An Easy, Eco-Friendly Method of Cleaning Your Jewellery

An Easy, Eco-Friendly Method of Cleaning Your Jewellery

As with all fine jewellery, regular cleaning can help keep your pieces looking their best. Everyday wear, or very infrequent wear, along with exposure to cosmetics, pollution and dirt can all contribute to your piece losing some of its vibrancy over time.

Dirt and dust can be easily removed by gently washing the piece in warm water with a drop of liquid soap and a soft bristled brush - I like to use a soft toothbrush.

18 carat gold is a very stable, non-reactive metal and will not tarnish, but in certain conditions 9 carat gold and silver will. On silver this manifests as a dark, greyish shadow, on gold it appears more orange-brown, and it is a natural result of the metal reacting with oxygen and a layer of oxide forming on the surface. It causes no damage whatsoever, but it makes the jewellery appear dull and discoloured.

Light tarnish is easily removed by buffing with a soft polishing cloth, but to remove more stubborn tarnish, try this easy, non-toxic method:

Eco cleaning ingredients

You will need a non-metallic heatproof bowl, a generous spoonful of bicarbonate of soda, a piece of clean aluminium foil, hot water, and your tarnished piece of jewellery. Have a small, soft bristled brush (an old toothbrush is great) and some clean, soapy water handy for later.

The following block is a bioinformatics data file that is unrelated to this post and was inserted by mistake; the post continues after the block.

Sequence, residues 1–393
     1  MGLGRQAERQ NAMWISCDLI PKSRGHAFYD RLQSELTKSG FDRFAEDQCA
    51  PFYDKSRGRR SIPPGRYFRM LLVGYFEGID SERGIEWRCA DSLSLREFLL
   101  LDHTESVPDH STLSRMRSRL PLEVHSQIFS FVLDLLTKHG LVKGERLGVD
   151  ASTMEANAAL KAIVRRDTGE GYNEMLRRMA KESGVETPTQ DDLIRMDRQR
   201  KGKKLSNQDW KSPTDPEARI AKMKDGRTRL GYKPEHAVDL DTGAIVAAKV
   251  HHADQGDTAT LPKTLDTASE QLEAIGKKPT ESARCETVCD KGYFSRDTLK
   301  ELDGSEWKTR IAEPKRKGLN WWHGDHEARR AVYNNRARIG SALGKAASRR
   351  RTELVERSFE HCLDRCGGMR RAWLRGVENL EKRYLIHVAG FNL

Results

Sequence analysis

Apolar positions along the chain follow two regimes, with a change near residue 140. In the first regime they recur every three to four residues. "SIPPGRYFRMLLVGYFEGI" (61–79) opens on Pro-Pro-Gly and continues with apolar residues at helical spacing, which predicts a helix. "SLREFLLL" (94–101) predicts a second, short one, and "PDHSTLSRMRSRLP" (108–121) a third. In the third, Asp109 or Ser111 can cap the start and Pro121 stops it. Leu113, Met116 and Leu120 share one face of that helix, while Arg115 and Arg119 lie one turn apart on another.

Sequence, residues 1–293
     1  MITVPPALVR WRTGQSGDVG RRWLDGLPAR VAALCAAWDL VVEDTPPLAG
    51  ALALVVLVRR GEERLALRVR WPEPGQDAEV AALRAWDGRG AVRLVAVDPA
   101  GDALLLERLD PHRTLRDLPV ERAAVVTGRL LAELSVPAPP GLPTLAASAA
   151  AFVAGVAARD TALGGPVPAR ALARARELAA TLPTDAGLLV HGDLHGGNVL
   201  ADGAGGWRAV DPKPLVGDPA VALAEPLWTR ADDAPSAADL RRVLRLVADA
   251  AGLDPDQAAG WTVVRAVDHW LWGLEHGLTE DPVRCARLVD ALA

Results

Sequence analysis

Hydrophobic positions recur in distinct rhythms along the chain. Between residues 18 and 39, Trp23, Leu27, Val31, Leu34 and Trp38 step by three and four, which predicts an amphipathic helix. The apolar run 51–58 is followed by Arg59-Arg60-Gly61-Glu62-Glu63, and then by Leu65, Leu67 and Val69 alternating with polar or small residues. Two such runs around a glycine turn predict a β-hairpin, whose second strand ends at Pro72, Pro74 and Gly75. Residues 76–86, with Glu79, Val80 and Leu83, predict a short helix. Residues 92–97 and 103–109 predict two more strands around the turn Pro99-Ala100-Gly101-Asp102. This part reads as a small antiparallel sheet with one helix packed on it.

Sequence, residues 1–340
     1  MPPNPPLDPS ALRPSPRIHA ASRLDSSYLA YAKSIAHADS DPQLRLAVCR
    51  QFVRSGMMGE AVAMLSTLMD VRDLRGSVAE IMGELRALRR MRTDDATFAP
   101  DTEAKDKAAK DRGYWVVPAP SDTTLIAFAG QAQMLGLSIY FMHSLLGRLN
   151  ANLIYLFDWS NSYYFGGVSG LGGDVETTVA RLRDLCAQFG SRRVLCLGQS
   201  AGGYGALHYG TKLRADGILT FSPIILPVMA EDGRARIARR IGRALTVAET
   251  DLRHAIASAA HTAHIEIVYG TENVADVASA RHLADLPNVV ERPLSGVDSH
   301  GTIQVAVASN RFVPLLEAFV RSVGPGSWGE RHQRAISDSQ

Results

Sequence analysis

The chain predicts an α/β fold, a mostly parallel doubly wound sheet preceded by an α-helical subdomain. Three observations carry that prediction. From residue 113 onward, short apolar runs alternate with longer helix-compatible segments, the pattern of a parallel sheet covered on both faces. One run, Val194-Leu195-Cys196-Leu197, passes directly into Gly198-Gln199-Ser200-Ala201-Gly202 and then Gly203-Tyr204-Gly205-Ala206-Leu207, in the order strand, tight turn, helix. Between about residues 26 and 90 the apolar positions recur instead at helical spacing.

Put the kitchen foil and a good spoonful of bicarbonate of soda into your bowl, place your jewellery on top, and cover everything with very hot or just-boiled water.

Let it all sit for a short while. How long will depend on how stained your jewellery is, but you can keep checking to see how it's doing. 5-10 minutes is usually long enough.

After a few minutes, remove your piece and rinse it in some clean, warm water and gently wash with a little dish soap and a soft brush. If the tarnish was very heavy and is not fully removed, repeat the process again until your piece comes out shining and bright.

How does it work?

Tarnish is simply the metal oxidising - air and other elements reacting with the silver and causing a dull coating to form on the surface. When jewellery is cleaned in this way, the bicarbonate of soda triggers a chemical reaction that transfers the oxidised tarnish from the silver on to the aluminium foil. You can see below the discolouration on the kitchen foil on the right as compared with a clean piece on the left.




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